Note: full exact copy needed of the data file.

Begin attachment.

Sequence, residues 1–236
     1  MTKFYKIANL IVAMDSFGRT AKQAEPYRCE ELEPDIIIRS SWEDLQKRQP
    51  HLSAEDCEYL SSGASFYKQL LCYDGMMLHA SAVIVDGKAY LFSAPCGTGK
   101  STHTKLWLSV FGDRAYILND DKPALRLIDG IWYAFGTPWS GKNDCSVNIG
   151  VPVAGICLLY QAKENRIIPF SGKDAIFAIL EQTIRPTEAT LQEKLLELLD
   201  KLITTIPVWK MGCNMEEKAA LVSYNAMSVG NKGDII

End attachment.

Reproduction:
Sequence, residues 1–236
     1  MTKFYKIANL IVAMDSFGRT AKQAEPYRCE ELEPDIIIRS SWEDLQKRQP
    51  HLSAEDCEYL SSGASFYKQL LCYDGMMLHA SAVIVDGKAY LFSAPCGTGK
   101  STHTKLWLSV FGDRAYILND DKPALRLIDG IWYAFGTPWS GKNDCSVNIG
   151  VPVAGICLLY QAKENRIIPF SGKDAIFAIL EQTIRPTEAT LQEKLLELLD
   201  KLITTIPVWK MGCNMEEKAA LVSYNAMSVG NKGDII